I see the boundaries between CFO, chief operating officer (COO), and CEO becoming more and more blurred in the future, with the expectation that a CFO will need a much wider set of skills in their locker besides delivering and commenting on the numbers. I believe interpreting and implementing change through data will become ever more critical.

Q: What technological advances do you foresee within your role?

A: We recently created a global chief experience officer role to report into the CFO with the clear remit to improve client and colleague experience through process efficiencies, so a lot of work will be invested in technological solutions there.  

We use Power BI for our commercial monitoring and reporting, and it has proved hugely successful – so we will continue to push that, alongside technological automation, cashflow reporting and accounting software innovation. As a finance team, we are focusing on implementing technological solutions in areas where we spend a lot of time but don’t add great value to the business, be that consolidation, accounts payable solutions or other similar areas. 

Q: What do you see as the future of work in the UK?

A: I think the four-day working week will be the preferred model sooner than expected. Flexibility on working from home/office will continue to be the ‘norm’ and be expected by the vast majority of professionals, while company benefits will become wider and more compelling in range as people’s perspective on what work/career means to their lives evolves. 

Love Mondays: at Reed we are on a mission to help everyone love their job

Q: What do you love most about your role and why?

A: A clichéd answer, but for me it is the sheer variety of the role.  

With numerous businesses, clients, and employees around the globe, it naturally means the work is hugely varied. I love to see all the hard work pay off in setting up new businesses; Germany and China being two recent examples which have both thrived. 

I also enjoy discussing client account strategy and project pricing with the client-facing side of Branding Science and seeing the project-win notifications come in. A professional services business is all about the people, and I am very fortunate to be working alongside so many talented and inspiring colleagues who make every day very fulfilling.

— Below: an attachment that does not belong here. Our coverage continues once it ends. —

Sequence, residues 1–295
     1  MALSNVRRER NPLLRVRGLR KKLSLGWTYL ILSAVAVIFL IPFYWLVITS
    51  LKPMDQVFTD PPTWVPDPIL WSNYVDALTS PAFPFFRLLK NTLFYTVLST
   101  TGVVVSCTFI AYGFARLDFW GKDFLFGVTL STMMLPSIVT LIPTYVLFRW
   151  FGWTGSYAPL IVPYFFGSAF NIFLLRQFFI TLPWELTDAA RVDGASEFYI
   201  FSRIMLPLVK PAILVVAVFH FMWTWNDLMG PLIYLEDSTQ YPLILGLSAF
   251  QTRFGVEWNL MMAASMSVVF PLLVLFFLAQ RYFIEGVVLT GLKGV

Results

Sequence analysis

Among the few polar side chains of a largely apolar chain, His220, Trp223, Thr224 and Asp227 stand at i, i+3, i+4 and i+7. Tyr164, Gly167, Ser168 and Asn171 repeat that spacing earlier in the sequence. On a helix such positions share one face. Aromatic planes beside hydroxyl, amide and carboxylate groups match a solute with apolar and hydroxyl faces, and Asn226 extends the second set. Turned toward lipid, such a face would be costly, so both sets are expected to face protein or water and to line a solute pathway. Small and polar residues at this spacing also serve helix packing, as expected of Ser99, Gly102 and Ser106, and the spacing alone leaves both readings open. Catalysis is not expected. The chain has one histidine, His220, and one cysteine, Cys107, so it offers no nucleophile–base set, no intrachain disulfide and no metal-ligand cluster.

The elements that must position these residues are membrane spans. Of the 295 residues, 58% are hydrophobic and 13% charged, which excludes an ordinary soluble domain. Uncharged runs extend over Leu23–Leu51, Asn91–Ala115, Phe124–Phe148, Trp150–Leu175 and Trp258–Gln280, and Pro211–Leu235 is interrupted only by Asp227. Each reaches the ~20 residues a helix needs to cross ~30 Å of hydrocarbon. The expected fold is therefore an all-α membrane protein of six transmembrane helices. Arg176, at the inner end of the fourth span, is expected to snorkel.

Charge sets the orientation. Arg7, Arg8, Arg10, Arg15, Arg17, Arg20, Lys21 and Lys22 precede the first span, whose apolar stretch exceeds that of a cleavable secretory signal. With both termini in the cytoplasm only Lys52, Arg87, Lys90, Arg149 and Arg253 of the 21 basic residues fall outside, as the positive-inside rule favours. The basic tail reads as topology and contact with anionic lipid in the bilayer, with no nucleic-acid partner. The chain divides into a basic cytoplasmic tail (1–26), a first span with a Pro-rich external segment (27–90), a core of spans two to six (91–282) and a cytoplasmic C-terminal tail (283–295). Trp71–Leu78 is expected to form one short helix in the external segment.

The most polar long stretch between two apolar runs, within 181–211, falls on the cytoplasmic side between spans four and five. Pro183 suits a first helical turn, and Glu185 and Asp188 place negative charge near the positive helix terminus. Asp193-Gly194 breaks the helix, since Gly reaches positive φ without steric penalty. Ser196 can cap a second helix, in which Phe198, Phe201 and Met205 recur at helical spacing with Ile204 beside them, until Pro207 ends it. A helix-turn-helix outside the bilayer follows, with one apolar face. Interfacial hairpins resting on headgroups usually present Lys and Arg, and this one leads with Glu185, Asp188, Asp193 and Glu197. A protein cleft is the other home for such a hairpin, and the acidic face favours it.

A successful and growing business means we are helping more patients and that is ultimately what we are all about. 

Q: What does your average Monday look like?

A: No Monday is ever the same.  

I will start the day catching up on emails and reviewing our Asia business project pipeline, before joining our EU project resource meeting to get a feel of how current plans are progressing, and what is going out in terms of proposals and pitches for the week.  

I will also catch up with my CEO and group financial controller, and have various pricing calls with EU and US client leads, before hosting a US/EU pipeline review to go through the current pipeline in more detail. Between those meetings, I will usually be talking to our in-house recruiter, our people & culture officer, or negotiating client master service agreements – you never know what might come up!

If you are looking for a talented accountancy and finance professional for your business, or looking to find your next role, contact one of our specialist consultants today.